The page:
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GUILD. A fraternity or company. Guild hall, the place of meeting of guilds. Beame's, Glanville, 108 (n).

A Law Dictionary, Adapted to the Constitution and Laws of the United States. By John Bouvier. Published 1856.
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Ashbee was convinced that social change and social betterment for the working-class could come through experimentation with craft co-operatives, based on the medieval English guild system. The production of handcrafted goods, co-operatively produced, would re-establish a community of workers, as an antidote to the impersonalization of urbanization and industrialization.
The essays of the volume can be divided into three groups: the thirteenth century, characterized by a reception of new intellectual material, i.e., scientific, philosophical and medical texts translated since the twelfth century from Arabic and from Greek; the other main feature of the century was the formation of new academic institutions, modeled somewhat on the medieval guild system, viz., universities (the most general called Studia Generalia).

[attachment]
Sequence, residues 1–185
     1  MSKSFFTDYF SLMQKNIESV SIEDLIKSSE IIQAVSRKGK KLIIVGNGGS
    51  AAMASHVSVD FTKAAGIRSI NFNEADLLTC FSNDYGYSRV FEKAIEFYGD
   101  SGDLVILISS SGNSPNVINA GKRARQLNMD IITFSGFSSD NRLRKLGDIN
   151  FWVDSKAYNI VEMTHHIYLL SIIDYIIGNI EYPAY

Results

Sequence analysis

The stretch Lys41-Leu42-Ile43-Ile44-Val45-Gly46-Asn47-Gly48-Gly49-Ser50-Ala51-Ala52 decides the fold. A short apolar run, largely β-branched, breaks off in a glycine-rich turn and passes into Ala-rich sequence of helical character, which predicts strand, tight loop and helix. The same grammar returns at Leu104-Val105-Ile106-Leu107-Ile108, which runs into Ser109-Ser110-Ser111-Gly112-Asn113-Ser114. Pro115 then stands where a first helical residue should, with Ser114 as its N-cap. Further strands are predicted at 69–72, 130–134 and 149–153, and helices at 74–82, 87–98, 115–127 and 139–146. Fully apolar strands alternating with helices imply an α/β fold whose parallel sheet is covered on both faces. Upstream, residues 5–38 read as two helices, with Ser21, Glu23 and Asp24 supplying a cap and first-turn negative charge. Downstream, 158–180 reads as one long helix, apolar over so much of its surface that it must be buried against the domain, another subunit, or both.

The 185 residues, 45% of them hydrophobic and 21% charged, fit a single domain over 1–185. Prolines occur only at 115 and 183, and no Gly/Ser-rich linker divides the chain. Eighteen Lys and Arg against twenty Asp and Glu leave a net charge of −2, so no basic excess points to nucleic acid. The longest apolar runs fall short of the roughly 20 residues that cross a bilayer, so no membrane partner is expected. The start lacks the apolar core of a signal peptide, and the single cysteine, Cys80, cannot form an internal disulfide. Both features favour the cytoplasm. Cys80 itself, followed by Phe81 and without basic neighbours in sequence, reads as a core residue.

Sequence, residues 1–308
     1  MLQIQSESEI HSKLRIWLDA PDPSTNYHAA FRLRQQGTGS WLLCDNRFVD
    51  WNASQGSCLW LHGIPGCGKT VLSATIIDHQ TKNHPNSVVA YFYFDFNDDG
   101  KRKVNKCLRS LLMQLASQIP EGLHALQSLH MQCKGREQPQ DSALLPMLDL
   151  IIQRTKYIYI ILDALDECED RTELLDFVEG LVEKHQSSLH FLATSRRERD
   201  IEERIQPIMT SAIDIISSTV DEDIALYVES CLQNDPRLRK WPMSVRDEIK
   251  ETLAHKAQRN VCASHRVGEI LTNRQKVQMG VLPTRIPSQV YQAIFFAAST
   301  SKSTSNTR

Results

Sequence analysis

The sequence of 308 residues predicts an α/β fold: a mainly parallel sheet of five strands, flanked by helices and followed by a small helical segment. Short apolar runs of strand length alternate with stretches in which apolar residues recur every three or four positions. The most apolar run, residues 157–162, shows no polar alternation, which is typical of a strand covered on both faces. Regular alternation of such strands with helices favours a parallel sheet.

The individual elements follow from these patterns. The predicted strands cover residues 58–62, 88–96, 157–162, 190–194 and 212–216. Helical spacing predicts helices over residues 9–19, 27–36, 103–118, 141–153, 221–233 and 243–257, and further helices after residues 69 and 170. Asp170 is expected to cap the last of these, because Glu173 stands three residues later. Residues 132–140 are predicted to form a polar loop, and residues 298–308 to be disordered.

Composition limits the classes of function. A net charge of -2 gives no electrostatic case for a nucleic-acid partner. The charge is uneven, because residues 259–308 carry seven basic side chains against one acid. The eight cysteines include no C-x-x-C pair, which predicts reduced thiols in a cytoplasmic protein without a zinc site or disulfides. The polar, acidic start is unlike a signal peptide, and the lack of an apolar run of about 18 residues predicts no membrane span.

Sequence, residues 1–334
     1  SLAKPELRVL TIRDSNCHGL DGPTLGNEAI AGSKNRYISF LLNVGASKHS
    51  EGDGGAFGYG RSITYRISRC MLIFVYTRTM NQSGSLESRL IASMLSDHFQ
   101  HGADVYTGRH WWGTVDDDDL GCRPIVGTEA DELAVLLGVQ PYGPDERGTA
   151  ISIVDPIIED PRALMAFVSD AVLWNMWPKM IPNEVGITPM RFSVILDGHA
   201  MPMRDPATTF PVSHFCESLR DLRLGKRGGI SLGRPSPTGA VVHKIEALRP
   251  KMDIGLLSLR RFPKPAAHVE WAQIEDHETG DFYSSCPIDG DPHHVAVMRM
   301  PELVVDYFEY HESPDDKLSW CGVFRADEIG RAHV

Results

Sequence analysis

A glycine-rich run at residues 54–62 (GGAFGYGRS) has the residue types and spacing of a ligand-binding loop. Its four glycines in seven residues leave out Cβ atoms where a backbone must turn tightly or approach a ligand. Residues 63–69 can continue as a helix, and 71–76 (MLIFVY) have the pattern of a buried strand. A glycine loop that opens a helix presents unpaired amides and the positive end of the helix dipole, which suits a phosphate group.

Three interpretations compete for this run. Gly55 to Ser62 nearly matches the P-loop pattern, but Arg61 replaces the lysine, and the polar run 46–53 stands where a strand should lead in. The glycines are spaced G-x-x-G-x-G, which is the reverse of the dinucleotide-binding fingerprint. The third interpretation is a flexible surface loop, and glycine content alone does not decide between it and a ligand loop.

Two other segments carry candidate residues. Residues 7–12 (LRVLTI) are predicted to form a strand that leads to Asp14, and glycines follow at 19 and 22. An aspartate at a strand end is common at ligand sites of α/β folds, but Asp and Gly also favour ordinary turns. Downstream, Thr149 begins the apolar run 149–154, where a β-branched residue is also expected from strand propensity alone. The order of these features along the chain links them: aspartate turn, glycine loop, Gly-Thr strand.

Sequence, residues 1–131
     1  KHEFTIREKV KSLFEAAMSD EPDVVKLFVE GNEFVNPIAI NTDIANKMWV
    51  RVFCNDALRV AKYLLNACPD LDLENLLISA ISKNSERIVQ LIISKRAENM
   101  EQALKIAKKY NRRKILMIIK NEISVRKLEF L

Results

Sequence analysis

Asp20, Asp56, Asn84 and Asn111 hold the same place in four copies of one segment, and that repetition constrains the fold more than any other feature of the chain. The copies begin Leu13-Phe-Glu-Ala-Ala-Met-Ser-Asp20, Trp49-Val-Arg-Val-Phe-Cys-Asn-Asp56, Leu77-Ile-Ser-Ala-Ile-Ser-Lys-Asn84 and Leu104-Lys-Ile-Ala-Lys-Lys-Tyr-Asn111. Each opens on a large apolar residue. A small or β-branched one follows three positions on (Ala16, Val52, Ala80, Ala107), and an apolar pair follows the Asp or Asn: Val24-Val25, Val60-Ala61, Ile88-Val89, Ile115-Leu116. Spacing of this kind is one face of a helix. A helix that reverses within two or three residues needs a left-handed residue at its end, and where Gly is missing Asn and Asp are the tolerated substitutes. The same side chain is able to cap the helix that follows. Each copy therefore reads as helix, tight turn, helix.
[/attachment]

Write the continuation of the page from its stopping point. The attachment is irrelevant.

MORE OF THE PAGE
We have all seen how industrial mechanization has changed medieval guild system forever.
In short, the competitive model would substitute meaningful professional development for what is essentially a guild system funded by levying a significant tuition-based tax on aspiring teachers before permitting them to enter the profession.
The aggregate number of identified members of the guild system of Jerusalem in any year of the period under review in this book is roughly 900.
Once, there was a guild system in America that had integrity, dating back to the 18th century.
Reformers such as Morris, John Ruskin and Thomas Carlyle called for a return to what they imagined were the spiritual values of the Medieval guild system.
The origins of apprenticeship in Britain go back to the guild system and artisanal trades such as building and printing By the late nineteenth century, apprenticeship had spread to the newer metalworking industries and to new trades such as electrical work.